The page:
Thinking back on some of those theaters we played, there are many I recall while others I would have to think deeply to revive those memories.  We played small theaters as well as big theaters. There was the Tivoli Theater in the small town of Spencer Indiana and the Ritz in Tiffin Ohio.  Playing in my parents' home state of West Virginia, our shows performed at the Metropolitan in Morgantown and the Robinson Grand in Clarksburg.  Then there were the elegant houses such as the Missouri Theater in St Joseph and the Saenger in Hattiesburg Mississippi.

          Playing theaters such as these added a certain element of greater legitimacy to what we were doing as a touring theater company.  Somehow it was like being a part of history to be in such historical places.  And the good news is that most--maybe all--of those old theaters we played 30 to 40 years ago are still in operation.  Additionally, many shuttered former vaudeville houses are being restored to their former glory and reopened for touring companies and local productions.

         Someday I'd like to go back to some of these theaters to experience them again.  To wander the backstage areas, explore the dressing rooms, and feel those exquisitely adorned auditoriums all around me.  A tour sounds like fun.  To stand on the stage under the lights one more time would be exciting as it evoked old memories.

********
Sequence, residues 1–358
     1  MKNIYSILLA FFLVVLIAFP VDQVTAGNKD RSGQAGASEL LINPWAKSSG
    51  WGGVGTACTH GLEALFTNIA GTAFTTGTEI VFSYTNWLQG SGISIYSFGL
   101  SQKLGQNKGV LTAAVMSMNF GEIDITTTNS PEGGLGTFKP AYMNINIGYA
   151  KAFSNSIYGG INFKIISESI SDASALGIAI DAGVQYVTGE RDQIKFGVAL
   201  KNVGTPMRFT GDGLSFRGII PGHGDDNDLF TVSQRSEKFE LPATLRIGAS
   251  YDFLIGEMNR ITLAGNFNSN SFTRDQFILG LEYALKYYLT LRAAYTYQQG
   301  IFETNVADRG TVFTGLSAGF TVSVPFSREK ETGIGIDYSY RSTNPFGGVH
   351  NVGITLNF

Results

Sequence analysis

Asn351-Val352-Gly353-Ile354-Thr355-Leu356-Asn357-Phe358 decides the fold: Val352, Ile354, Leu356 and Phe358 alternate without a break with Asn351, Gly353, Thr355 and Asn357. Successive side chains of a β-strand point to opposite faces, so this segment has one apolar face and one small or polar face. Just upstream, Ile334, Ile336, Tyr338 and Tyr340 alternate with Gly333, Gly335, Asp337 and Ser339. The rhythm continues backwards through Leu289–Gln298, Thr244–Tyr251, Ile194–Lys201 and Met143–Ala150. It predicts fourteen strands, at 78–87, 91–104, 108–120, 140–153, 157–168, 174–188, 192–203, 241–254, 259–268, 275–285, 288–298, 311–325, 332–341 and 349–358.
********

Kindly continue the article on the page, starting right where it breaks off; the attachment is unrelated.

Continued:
Those wonderful old theaters--they are out there all across America.   Just where I would like to be.  One that I've got my dreams fixated on is the Lincoln Theater in Marion Virginia.  I've never played that theater or even been inside for that matter.  Marion is like my dream town--has been for many years.  Knowing that there is an elegant old restored theater there makes it all the more appealing.   Yes, there are enough old restored theaters across America to make for a fine tour. 

             That sounds like a pretty cool dream to me.


Are there any old vaudeville era theaters where you live--restored or not?   Have you ever performed or watched a performance in one of these types of theaters?   Does anyone have any information about Marion Virginia or the surrounding area that they'd like to share?




                 








32 comments: